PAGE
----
With your key turned to the “ON” position, this wire should have 12 volts of power. This is just one part of your oxygen sensor heater, and the other wire is PIN B. If you have 12 volts at PIN A, check PIN B which should also have 12 volts of power at this wire. The last wire to check is PIN C which is a ground wire.

To check for a ground signal at the Taurus oxygen sensor, switch the positive and negative leads of your multimeter around. You need to check PIN C for ground and make sure that you don’t force the leads down the connector. If these three wires check out, chances are that your oxygen sensor is bad depending on what your OBDII trouble code is.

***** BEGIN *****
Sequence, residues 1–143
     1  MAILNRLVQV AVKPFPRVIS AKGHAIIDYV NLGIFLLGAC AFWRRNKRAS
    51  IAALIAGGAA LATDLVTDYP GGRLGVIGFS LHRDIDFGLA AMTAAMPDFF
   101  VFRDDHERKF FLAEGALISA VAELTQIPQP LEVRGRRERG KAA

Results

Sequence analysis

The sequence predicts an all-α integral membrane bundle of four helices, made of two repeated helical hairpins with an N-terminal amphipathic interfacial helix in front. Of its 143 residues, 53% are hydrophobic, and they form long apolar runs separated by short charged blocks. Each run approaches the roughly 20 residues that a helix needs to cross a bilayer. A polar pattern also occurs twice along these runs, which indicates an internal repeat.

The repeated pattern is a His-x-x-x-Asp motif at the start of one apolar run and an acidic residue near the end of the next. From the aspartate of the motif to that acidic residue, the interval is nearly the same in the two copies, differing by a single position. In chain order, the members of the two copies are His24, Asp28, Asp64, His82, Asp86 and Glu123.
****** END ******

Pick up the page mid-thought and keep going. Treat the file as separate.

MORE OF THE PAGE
Testing your Taurus oxygen sensor Signal

The last wire is PIN D which is what you need to measure the signal, but to do this you will need to reconnect your upstream O2 sensor. Once it’s connected, follow the wire that leads to PIN D back to a safe spot in your engine bay.

Because the car needs to be started, you’ll need to find a place where you can test safely. Make sure to keep clear of the engine and especially the cooling fans. If your Ford Taurus is reporting a P0131 trouble code, it means your Ford O2 sensor sees a low voltage. The specific wording for this code is Upstream Heated Oxygen Sensor Circuit Out Of Range Low Voltage

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If your Ford Taurus is running too lean, or not enough fuel this P0131 trouble code will be triggered. This happens when your oxygen sensor reports a voltage lower than what the engine is expecting.

Your upstream Taurus oxygen sensor can read as low as 0.050 to 0.100 volts.